Beyoncé’s ‘Renaissance’ pays tribute to Black queer roots of house and disco music
It’s likely to be one of the biggest – if not the biggest – albums by a Texas artist this year: Beyoncé’s seventh studio album, “Renaissance,” dropped on Friday, bringing fans a joyous mix of danceable hits inspired by disco and house music. Influenced by the underground LGBTQ-dominated ballroom scene, Beyoncé incorporates the stylings of Black queer and trans performers in her new work.
Taylor Crumpton, a music and pop culture writer from Dallas who called the album “a love letter to the Black queer roots of dance music” in an article for Essence, noted that one would be remiss to not classify house music as Black queer music because Black queer individuals and communities are the reasons why it is such a popular genre today.
“‘Renaissance’ is in equal parts an educational lesson in the history of dance and house music, as well as an education in Black queer studies,” Crumpton said. “When you look at the references that she pulled from, whether it’s the disco divas of Diana Ross and Donna Summer – which we know their anthems throughout the generations have been popularly used at Pride and came out in an era where LGBTQ folks were fighting and still continue to fight for their basic civil rights – as well as the voices of folks like Big Freedia, an ambassador of bounce music from New Orleans who she’s used before on ‘Formation’; as well as individuals like DJ MikeQ, a prominent DJ in the ballroom community; Moi Renee, a legendary drag queen; from the production of someone like a Honey Dijon, who is a black trans woman and is an architect of the contemporary sounds we hear from dance and house. There is so much reverence of the Black queer musicians from the generations of the past to present day that are featured on this album.”
Shortly before the album’s release, Beyoncé said it was a tribute to her Uncle Jonny, her godfather, a proud gay man who lost his life to AIDS. Houston was one of the hot spots during the HIV/AIDS epidemics where it was spread throughout disproportionately Black LGBTQ communities like the ballroom scene, Crumpton said.
“So there is this parallel to the current treatment that’s happening with the monkeypox vaccine and rollout and its impact on the LGBTQ community – specifically, Black and brown folks in there – as well as knowing, you know, right now we are in this cultural moment where people want to go outside and they want to dance and they want happy music and they want to feel joyful,” Crumpton said. “I think a lot of this album draws from Drake’s ‘Honestly, Nevermind,’ and he is a contributor on the album. You have these two pop stars, you know, worldwide, and their albums of this summer encouraged people to get out and dance and be free and really have that liberation from their bodies.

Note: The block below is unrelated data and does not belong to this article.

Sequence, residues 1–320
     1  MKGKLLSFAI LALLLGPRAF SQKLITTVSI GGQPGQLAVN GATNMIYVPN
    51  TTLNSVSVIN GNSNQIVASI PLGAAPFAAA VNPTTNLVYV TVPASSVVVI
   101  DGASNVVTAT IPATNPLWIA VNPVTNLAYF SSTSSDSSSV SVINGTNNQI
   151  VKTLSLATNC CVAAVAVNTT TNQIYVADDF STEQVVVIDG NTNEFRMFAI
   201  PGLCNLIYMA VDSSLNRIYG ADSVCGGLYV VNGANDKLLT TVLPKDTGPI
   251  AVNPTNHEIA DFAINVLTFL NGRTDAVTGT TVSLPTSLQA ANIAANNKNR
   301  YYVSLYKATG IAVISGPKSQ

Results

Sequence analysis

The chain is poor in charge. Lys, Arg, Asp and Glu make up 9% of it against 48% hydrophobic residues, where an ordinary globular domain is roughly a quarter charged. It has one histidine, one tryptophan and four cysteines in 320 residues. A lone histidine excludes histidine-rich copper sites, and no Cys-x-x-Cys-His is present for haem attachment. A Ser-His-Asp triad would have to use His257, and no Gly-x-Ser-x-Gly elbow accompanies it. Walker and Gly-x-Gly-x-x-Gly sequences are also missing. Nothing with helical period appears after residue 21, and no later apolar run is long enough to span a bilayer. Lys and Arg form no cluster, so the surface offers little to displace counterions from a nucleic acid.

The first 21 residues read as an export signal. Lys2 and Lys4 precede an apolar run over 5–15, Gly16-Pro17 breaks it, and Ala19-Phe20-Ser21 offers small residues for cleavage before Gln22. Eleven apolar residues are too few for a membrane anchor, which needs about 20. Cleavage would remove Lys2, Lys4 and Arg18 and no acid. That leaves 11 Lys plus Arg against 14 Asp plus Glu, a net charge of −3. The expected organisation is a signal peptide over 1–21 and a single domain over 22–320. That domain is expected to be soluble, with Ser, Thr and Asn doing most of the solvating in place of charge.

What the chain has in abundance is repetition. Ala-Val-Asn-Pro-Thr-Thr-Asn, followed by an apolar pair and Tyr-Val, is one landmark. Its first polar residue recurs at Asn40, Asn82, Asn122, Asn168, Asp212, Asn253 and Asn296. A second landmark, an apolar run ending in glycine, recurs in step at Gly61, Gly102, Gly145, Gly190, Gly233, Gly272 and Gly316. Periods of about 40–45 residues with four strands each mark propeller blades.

“And that’s what house music was. It was a safe space for folks who had been kicked out of their home because of their gender identity and gender expression and sexual orientation to feel safe around others and just really lose themselves to the music. You know, house music and dance music is a very euphoric experience because it is a liberation from so many of the societal stressors that we experience on an everyday basis.”
Crumpton said the way Beyoncé raps on “Renaissance” very much pays reverence to Texas hip-hop, Houston in particular.
“She’s always had a rap alter ego, but the sampling on here very much makes me think about these Dirty South anthems: It feels like a very Afro futuristic UGK-type of album. And you know, she’s paid tribute and worked with Bun B and Slim Thug and so many of the architects of the contemporary Houston sound – and her being one. You know, I think in a lot of years, people have written about how Beyoncé may be the best rapper in her household compared to her legendary husband, Jay-Z.
“But she is flexing her position as a singer and a vocalist, especially on ‘Summer Renaissance,’ where she does an interpolation of Donna Summer. You know, and I, for one, as a Texan, hear a little bit of Megan Thee Stallion in there – I think someone who she’d classify as a mentee. But there are little peaks where I’m like, I hear a Meg, I hear a Lizzo. And it’s so beautiful to see her be in community and relationship with these two Black women musicians from Houston that were inspired by her.”
Days after the album’s release, Beyoncé changed a lyric in the song “Heated” to remove an offensive and ableist term amid backlash from disability rights advocates. Lizzo had previously removed the same term from a song in June following a similar outcry.
“In recent years, as we are becoming more aware of triggers and language that can be very much harmful to people of marginalized backgrounds and identities, what Beyoncé – and very similar to what Lizzo – is doing is modeling what it means to be an ally and taking back that feedback and criticism,” Crumpton said. “And I think, you know, she continues to be that exemplary example of what it means to be a superstar.”
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